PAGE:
Thanking your new audience

In my last post, I passed on an email from John Devlin, a graduate conducting student at the University of Maryland at College Park, and co-conductor of the school’s Repertoire Orchestra. He’d had great success attracting a new audience to the orchestra’s last concert, and his email explained some of how he did that.

After the concert, he sent a thank-you email to the new people who’d come. You’d think this would be a no-brainer, but I don’t know how often it’s done in the classical music world. Elsewhere, of course, it’s common. (My inbox is crammed with followup emails from companies I’ve bought from online.)

And while you can go too far with this (see my last parenthesis), a little of it goes a long way. Especially when you’ve just given out free tickets, and your new audience loved your concert!

Here’s what John wrote. Note, by the way, two things. In order to write the email, he had to have email addresses. Which meant he had to ask for them when he gave out the tickets. Which he quite literally did — invited people, and handed them free tickets on the spot. So he also had to ask for their email address.

Second, he asked them to respond. Which both gives him a chance to learn what they thought, and — most crucial — to start developing a relationship. Which once it’s established, makes it more likely that the new audience will keep coming back.

Here’s his email, posted here with his permission. The subject line was “Thank you!”

Dear Classical Music Lover,

Thank you so much for having come to the University of Maryland Repertoire Orchestra concert on November 1, 2010! We enjoyed our largest crowd ever and that is thanks to all of you.

As an ensemble at the University of Maryland School of Music, our group performs two functions. We try and educate the members the group and provide them with a positive musical experience… and second, we want to present welcoming, entertaining and engaging concerts for you.

In order to better perform this second responsibility we would love to have your input and feedback about our concert process. Were you able to find out about the concert easily? Were you able to obtain tickets in a convenient manner? Is there any information that you would like to have before the concert? Were the program notes engaging and informative? Did you like our repertoire selections? Did you enjoy the way the music was performed?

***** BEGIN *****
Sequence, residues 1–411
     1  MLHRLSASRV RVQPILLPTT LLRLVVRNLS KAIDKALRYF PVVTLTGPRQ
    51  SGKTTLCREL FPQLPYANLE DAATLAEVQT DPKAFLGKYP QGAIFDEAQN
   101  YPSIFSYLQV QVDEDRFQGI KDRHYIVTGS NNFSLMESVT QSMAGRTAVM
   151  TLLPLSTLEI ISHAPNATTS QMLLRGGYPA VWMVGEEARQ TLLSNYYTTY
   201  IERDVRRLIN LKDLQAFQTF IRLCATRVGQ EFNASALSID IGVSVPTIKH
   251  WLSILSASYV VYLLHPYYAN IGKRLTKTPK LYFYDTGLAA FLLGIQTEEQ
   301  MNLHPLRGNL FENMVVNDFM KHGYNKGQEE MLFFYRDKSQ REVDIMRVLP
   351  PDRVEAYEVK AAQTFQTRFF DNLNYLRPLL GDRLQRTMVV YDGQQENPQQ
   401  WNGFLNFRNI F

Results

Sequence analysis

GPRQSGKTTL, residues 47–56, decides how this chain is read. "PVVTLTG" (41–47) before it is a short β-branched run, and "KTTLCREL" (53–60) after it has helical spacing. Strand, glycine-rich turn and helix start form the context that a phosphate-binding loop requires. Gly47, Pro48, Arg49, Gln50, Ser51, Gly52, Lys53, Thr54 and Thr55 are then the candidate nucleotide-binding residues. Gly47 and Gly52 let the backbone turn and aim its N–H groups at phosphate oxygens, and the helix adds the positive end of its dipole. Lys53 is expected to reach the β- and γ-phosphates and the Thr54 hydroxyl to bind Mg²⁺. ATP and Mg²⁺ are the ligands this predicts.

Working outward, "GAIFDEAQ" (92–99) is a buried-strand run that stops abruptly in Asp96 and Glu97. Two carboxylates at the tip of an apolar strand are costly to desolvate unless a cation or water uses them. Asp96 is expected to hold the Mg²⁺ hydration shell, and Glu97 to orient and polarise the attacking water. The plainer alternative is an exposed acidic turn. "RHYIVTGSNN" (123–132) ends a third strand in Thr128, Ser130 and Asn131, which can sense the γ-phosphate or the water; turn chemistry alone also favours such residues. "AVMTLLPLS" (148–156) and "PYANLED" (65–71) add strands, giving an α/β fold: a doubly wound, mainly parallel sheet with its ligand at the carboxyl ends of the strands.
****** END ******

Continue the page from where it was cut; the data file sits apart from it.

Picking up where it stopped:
We would love to hear the answers to these questions, and also to answer any questions that you may have of us. If you would like, please respond directly to this email. We  will be happy to hear from you.

Our next concert is on March 2, 2010 at 8pm. The concert will be free but ticketed. The repertoire for this performance will be:
____

Mendelssohn Hebrides Overture

Haydn Hornsignal Symphony

Brahms First Symphony

____

We hope that you will plan to attend this event. Again, thank you, and please do be in touch.

Best,

John Devlin

Co-Director, University of Maryland Repertoire Orchestra

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Comments

  1. Charlotte Landrum says

    Greg, it’s been quite a while since we’ve been in touch, but I was struck by this as it bears remarkable resemblance to some of the things we’ve been trying at Miller Theatre at Columbia University, where I’m now marketing director. Just yesterday, we were drafting up a thank you note to send to a group of undergraduate students who joined us for a pre-concert reception and performance of Columbia professor Fred Lerdahl’s music as part of Miller’s Composer Portraits series. Part of what we’ve been thinking about a lot recently is how important the social aspect is in building new audiences. If I go to a new music concert at any given venue in New York, I’m more or less guaranteed to see someone I know. But if you’re not part of that community, it doesn’t feel so welcoming. By forming relationships with the student leaders of existing groups on campus (the Grad Student club, or the orchestra, for example) rather than simply marketing to individual students, we create that sort of community in the concert hall, and it seems to make a big difference. Would be fun to get together for lunch sometime and get your thoughts on some of the other ideas we’re trying.

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